In the mid-1950s, development threatened to destroy the beautiful landscape along the Maryland shore of the Potomac River. Instead of enjoying the same view that George Washington did more than two hundred years ago, visitors to George Washington’s Mount Vernon Estate would have seen an oil tank farm, a sewage treatment plant, or housing developments.
Congresswoman Frances Payne Bolton of Ohio, a member of the Mount Vernon Ladies’ Association, sprang into action. She purchased a 500-acre farm directly across the Potomac from Mount Vernon and next to the Moyaone Reserve, an environmentally conscious planned community. Bolton donated her farm for the creation of the Accokeek Foundation and, with a coalition of organizations that included the Alice Ferguson Foundation, Moyaone Association, and Mount Vernon Ladies’ Association, launched an ambitious program to protect six-miles of shoreline. This large-scale landscape conservation effort led to the creation of Piscataway Park, the first national park established to “preserve historic vistas.”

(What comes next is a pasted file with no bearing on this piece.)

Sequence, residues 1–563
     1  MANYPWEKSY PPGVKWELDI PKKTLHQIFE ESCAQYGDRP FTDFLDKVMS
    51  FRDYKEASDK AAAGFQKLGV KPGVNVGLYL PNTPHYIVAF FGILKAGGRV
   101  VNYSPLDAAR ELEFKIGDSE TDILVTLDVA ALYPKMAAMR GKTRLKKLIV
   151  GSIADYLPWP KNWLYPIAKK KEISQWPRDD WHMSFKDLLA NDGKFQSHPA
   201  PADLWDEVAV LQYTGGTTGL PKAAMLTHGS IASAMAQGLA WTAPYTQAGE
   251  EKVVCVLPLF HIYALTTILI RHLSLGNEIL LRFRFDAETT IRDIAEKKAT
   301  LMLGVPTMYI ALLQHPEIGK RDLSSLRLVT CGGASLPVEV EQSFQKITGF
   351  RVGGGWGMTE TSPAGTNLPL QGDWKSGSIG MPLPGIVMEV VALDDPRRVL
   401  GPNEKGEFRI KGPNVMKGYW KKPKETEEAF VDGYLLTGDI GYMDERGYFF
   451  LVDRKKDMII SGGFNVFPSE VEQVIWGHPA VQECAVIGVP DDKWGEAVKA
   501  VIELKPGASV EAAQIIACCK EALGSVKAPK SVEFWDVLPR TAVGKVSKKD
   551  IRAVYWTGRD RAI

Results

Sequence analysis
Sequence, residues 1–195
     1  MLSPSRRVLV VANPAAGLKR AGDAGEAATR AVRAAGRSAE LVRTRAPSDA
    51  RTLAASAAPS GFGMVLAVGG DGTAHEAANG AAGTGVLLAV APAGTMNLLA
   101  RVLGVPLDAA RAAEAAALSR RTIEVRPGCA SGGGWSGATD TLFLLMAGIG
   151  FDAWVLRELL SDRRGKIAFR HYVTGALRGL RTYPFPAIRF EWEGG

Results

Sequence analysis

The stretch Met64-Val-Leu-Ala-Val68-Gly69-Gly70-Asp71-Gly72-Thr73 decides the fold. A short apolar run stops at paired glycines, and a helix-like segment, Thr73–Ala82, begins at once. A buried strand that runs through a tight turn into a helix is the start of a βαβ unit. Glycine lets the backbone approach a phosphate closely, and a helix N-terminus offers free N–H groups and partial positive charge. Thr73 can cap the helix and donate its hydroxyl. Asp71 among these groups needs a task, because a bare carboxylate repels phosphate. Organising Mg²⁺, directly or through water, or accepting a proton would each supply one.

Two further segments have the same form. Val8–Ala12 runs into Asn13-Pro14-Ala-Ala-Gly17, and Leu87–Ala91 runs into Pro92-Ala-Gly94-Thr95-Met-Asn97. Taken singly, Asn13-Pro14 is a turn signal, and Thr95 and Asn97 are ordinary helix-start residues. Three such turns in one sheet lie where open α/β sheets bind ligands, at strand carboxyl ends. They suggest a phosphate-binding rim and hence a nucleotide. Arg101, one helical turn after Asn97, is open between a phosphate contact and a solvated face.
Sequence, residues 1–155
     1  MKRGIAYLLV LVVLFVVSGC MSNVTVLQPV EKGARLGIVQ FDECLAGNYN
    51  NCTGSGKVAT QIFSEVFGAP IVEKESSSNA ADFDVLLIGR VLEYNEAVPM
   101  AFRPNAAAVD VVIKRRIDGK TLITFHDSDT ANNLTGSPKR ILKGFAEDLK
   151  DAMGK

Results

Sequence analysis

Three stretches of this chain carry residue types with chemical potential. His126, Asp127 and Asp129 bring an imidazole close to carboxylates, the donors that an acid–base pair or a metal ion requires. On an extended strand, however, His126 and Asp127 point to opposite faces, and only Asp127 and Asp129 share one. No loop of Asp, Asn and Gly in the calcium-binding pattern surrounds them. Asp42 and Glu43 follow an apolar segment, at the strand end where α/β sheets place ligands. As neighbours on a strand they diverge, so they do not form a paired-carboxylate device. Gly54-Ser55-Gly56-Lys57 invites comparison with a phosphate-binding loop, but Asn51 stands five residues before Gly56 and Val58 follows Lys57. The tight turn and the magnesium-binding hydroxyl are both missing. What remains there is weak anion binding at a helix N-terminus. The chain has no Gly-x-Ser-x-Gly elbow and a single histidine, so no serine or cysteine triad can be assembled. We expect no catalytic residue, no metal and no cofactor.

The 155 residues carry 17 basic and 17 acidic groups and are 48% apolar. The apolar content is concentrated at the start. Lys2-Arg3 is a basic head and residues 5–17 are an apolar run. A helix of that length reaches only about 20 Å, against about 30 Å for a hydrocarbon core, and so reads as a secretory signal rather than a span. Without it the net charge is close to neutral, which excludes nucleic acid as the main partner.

Today, the Accokeek Foundation partners with the National Park Service to steward 200 acres of Piscataway Park which covers, in total, approximately 5,000 acres, from Piscataway Creek to Marshall Hall on the Potomac River. An effort that began out of a desire to “preserve the view,” in the end has preserved much more. The full conservation area protects a wealth of environmental, cultural, and historic resources, from wetlands to farms to nationally significant historic sites.
The park is open daily to visitors who enjoy a quiet landscape for recreation and reflection. Annually, thousands of school children visit for farm-based education, learning about environmental stewardship through a historical lens. With support from donors and members, the Accokeek Foundation provides a natural space for all to enjoy, for generations to come.